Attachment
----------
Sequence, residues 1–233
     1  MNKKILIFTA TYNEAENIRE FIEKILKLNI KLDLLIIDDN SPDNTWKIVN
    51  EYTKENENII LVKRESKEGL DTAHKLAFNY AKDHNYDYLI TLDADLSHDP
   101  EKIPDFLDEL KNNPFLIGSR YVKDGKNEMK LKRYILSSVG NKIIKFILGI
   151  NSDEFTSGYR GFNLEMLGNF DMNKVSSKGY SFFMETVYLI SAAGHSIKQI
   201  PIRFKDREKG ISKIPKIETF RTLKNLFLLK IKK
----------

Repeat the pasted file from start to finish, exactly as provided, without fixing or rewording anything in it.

Sequence, residues 1–233
     1  MNKKILIFTA TYNEAENIRE FIEKILKLNI KLDLLIIDDN SPDNTWKIVN
    51  EYTKENENII LVKRESKEGL DTAHKLAFNY AKDHNYDYLI TLDADLSHDP
   101  EKIPDFLDEL KNNPFLIGSR YVKDGKNEMK LKRYILSSVG NKIIKFILGI
   151  NSDEFTSGYR GFNLEMLGNF DMNKVSSKGY SFFMETVYLI SAAGHSIKQI
   201  PIRFKDREKG ISKIPKIETF RTLKNLFLLK IKK